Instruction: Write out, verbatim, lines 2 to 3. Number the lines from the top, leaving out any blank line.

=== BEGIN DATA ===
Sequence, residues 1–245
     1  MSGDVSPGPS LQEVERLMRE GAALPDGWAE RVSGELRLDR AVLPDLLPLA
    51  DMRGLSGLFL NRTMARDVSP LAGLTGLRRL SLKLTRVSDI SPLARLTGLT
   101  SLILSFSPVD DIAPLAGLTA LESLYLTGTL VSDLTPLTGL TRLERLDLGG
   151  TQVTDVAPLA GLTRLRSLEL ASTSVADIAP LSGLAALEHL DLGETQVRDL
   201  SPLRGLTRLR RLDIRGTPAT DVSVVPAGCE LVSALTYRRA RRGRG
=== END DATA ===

     1  MSGDVSPGPS LQEVERLMRE GAALPDGWAE RVSGELRLDR AVLPDLLPLA
    51  DMRGLSGLFL NRTMARDVSP LAGLTGLRRL SLKLTRVSDI SPLARLTGLT